NEW ORLEANS (BP) -- Messengers to the Southern Baptist Convention approved Wednesday morning June 20 at their annual meeting a resolution identifying what is frequently described as a "Sinner's Prayer" as a biblical way of expressing repentance and faith.
Debate on the resolution consumed much of the 30 minutes allotted for the first resolutions report scheduled for the day. As a result, messengers were able to consider only three of nine resolutions reported to the convention by the Resolutions Committee.
In addition to the resolution on a "Sinner's Prayer," messengers also approved resolutions:
-- Celebrating the 200th anniversary this year of Baptist work in Louisiana.
-- Expressing appreciation to God and all those who helped with this year's annual meeting.
The committee was scheduled to give its final report Wednesday afternoon when resolutions on the following subjects will be up for consideration by messengers:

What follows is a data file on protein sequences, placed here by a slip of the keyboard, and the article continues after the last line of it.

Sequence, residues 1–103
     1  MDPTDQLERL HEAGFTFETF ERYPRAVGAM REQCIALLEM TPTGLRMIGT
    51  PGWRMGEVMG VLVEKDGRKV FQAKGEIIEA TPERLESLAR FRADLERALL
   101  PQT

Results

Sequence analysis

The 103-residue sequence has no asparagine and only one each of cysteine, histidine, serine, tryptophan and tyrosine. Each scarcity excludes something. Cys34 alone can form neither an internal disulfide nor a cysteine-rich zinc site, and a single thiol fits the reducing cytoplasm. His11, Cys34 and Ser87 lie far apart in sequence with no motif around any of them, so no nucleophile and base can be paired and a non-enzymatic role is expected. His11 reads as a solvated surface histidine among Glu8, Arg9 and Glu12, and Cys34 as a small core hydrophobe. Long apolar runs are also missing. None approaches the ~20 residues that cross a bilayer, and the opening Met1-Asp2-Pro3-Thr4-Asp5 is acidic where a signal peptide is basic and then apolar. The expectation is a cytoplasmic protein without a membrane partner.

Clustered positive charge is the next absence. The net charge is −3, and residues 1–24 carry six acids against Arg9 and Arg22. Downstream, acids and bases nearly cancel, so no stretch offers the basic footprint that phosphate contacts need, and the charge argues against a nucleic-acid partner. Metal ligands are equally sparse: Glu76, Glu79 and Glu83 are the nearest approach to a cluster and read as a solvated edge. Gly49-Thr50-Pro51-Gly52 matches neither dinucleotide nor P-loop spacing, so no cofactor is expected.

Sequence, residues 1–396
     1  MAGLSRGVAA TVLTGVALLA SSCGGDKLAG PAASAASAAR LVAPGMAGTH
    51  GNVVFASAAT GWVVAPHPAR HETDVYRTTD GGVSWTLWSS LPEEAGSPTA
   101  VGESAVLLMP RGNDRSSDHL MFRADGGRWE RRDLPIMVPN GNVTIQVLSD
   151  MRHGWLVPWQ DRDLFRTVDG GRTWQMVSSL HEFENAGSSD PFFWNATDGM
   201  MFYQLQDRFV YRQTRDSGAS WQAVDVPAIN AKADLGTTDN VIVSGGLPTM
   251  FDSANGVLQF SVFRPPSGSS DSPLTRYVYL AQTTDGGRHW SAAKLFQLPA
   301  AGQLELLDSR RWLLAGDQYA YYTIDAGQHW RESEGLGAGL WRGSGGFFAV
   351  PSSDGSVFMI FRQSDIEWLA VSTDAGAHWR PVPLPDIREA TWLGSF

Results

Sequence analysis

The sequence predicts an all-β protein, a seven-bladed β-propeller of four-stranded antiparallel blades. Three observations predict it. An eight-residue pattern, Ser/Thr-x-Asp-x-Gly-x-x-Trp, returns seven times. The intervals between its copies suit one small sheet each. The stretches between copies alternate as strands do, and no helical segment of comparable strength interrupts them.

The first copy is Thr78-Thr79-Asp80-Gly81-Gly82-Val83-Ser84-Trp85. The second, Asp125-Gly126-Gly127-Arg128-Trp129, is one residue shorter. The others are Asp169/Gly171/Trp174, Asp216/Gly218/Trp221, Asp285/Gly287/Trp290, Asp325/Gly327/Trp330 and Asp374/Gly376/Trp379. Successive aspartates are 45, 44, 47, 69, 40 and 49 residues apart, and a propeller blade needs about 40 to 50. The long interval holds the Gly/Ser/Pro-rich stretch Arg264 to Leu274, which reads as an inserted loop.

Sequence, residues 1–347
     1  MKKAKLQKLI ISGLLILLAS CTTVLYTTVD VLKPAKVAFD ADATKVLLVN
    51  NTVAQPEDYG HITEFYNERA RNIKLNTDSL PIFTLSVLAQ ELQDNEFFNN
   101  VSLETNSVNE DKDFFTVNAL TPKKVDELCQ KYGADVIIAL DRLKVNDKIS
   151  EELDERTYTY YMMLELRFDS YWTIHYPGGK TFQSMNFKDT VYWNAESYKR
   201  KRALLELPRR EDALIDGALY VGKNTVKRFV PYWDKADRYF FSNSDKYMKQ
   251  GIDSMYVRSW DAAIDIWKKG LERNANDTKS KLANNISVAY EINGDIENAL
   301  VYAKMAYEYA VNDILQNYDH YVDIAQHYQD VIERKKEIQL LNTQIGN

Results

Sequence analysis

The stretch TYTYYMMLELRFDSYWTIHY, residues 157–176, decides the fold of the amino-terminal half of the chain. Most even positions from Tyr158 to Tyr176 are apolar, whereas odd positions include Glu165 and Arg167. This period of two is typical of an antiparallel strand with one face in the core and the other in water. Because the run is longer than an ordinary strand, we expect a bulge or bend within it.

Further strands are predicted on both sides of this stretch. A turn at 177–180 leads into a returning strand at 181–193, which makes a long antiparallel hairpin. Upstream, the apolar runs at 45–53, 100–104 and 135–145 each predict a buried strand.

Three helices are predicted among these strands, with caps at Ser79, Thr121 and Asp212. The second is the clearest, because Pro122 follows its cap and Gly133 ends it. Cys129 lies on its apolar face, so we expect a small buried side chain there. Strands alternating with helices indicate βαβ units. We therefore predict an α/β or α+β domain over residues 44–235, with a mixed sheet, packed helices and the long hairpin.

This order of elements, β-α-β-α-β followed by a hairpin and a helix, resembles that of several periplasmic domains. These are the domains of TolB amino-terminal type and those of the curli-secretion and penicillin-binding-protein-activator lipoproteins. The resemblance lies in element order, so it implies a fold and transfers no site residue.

-- Cooperation and the doctrine of salvation, which appears to be a response to differences between Calvinists and non-Calvinists in the convention.
-- Defending religious freedom.
-- "Same-sex marriage" as a civil rights issue.
-- The inerrancy of the Bible and the historicity of Adam and Eve.
-- Affirming community and human needs ministries by churches.
-- Acknowledgment of the role of African Americans in Baptist work in the United States.
With an estimated 80 percent majority, messengers approved the resolution on a "Sinner's Prayer" with some careful descriptions. The resolution reiterated the belief that "repentance from sin and personal faith in the Lord Jesus Christ are necessary for salvation" and said such a "crying out for mercy and a calling on the Lord," which constitute what is often described as a "sinner's prayer," are a "biblical expression of repentance and faith."
The resolution also said "a 'sinner's prayer' is not an incantation that results in salvation merely by its recitation and should never be manipulatively employed or utilized apart from a clear articulation of the Gospel."
It also urged Southern Baptists to continue to take the Gospel to sinners of "every tribe, tongue, and language."
Messengers defeated two efforts to amend the resolution. One called for removal of the words "a 'Sinner's Prayer'" from the resolution's title and a paragraph. That amendment failed by what appeared to be a comfortable though not overwhelming margin.
Tom Strode is the Washington bureau chief for Baptist Press.
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